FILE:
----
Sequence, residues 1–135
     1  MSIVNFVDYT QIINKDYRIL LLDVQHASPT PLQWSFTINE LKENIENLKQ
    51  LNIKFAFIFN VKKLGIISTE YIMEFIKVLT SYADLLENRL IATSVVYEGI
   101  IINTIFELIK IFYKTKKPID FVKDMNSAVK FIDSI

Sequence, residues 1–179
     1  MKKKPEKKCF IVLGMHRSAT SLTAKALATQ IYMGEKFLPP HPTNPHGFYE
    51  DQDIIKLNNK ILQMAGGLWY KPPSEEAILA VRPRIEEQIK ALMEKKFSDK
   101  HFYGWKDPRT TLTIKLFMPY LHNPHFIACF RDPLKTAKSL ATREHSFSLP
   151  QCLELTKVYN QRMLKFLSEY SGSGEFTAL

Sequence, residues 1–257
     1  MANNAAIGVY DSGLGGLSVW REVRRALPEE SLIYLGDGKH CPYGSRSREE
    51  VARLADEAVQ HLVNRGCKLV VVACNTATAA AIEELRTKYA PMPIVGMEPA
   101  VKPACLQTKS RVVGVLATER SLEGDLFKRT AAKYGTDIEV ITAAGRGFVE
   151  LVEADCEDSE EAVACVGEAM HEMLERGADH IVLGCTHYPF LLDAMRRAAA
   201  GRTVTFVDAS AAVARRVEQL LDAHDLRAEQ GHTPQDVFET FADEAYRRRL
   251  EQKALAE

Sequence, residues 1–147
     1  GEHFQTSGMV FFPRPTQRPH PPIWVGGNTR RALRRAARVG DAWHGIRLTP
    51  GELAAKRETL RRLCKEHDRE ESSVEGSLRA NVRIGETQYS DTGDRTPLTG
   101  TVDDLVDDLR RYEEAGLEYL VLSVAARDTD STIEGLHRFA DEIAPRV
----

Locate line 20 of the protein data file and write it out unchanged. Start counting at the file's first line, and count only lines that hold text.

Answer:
   101  TVDDLVDDLR RYEEAGLEYL VLSVAARDTD STIEGLHRFA DEIAPRV